ESSA asks states to offer definitions of 'ineffective teachers'

Dive Brief:

  • Though the Every Student Succeeds Act will discontinue No Child Left Behind’s “highly qualified teacher” mandate, it does demand that states submit a definition of an “ineffective teacher” to the government, along with a plan for how to make sure underprepared educators aren't disproportionately teaching in schools primarily serving poor and minority students, Education Week reports.
  • Of the 17 states that have submitted ESSA plans thus far, the responses regarding ineffective teaching have varied. Oregon and the District of Columbia, for example, said they would offer a more concrete definition at a later date, while Vermont will label every teacher with certification as effective.
  • Critics argue that it can be difficult for states to determine what makes an effective teacher, but civil rights advocates assert that oversight via the federal government may be the best way to ensure that low-income and minority students are receiving quality educations.

Dive Insight:

Different states, as well as the individual school districts within those states, may face a variety of challenges in measuring a teacher’s effectiveness, and even in procuring enough teachers who would qualify. For example, Vermont will label all certified teachers as effective, but this kind of classification could be complicated by the fact that many rural areas often have difficulty in finding certified teachers in sparsely populated areas, or in attracting qualified teachers to move and teach there. The challenges districts have in finding and retaining talent can vary wildly within an individual state, and this can make it more difficult to determine how best to gauge the skill levels of teachers in a district.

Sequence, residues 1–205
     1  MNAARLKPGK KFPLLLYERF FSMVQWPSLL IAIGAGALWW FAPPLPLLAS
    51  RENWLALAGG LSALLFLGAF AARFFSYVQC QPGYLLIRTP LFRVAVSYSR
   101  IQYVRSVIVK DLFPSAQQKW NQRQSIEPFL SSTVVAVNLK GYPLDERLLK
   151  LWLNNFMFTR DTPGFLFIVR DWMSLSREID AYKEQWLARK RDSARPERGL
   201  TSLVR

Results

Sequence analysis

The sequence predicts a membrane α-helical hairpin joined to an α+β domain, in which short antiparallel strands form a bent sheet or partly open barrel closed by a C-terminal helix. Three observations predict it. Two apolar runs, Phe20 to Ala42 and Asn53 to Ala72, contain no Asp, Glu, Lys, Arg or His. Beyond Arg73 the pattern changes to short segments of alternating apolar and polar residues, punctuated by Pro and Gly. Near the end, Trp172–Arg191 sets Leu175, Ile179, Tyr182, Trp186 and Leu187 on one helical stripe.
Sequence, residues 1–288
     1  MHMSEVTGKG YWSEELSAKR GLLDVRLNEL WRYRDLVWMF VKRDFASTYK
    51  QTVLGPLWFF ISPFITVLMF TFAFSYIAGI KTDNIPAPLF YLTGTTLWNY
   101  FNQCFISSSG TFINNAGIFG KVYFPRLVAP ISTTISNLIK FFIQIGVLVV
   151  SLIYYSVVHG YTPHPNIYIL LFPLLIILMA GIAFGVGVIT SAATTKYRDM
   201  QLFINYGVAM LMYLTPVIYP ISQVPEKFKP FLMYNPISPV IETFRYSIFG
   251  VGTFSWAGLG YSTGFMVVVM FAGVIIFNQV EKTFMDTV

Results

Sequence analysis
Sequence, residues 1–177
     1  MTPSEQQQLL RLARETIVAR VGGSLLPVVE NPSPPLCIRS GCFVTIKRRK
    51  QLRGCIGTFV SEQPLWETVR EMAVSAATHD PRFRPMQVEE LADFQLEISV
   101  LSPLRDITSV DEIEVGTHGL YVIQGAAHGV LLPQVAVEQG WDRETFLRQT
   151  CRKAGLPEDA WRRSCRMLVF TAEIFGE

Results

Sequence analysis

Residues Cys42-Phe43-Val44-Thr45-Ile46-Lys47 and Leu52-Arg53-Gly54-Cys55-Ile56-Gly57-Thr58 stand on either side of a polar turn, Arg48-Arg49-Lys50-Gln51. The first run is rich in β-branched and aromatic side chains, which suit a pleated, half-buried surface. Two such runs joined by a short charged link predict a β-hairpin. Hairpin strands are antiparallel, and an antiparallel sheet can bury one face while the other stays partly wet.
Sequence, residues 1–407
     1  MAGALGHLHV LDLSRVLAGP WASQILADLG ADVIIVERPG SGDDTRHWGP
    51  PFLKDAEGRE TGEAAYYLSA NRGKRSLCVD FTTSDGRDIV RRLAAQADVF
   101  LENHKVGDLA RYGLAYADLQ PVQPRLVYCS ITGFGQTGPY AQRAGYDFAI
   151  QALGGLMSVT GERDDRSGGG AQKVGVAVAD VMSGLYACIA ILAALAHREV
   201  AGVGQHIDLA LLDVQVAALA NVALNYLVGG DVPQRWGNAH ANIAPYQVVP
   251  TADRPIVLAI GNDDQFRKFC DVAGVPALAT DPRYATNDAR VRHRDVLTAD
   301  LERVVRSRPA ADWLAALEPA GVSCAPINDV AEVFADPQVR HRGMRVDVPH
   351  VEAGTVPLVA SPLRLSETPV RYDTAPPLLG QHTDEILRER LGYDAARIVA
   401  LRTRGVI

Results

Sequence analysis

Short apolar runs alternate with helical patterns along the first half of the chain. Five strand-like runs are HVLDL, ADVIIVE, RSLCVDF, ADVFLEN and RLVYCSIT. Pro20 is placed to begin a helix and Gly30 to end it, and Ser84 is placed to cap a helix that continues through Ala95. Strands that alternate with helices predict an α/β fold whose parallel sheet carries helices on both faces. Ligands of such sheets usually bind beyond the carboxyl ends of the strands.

School administrators must also be wary of punishing schools in low-income communities if a disproportionate number of substandard teachers is found to be teaching in those facilities. School districts must ensure that their best and brightest are not confined to affluent areas, but are spread throughout the schools. Doing so can offer impoverished schools access to the best talent and grant peers someone to emulate in their own approach.

It will ultimately not help students if states mandate that substandard teachers are removed from low-income schools without qualified faculty to take their place. But it's also worth considering the notion that you can't necessarily fire your way to success, either. If teachers deemed "ineffective" are passionate but underprepared, it may be more worthwhile to provide the resources to help them improve.

Filed Under: K12 Policy & Regulation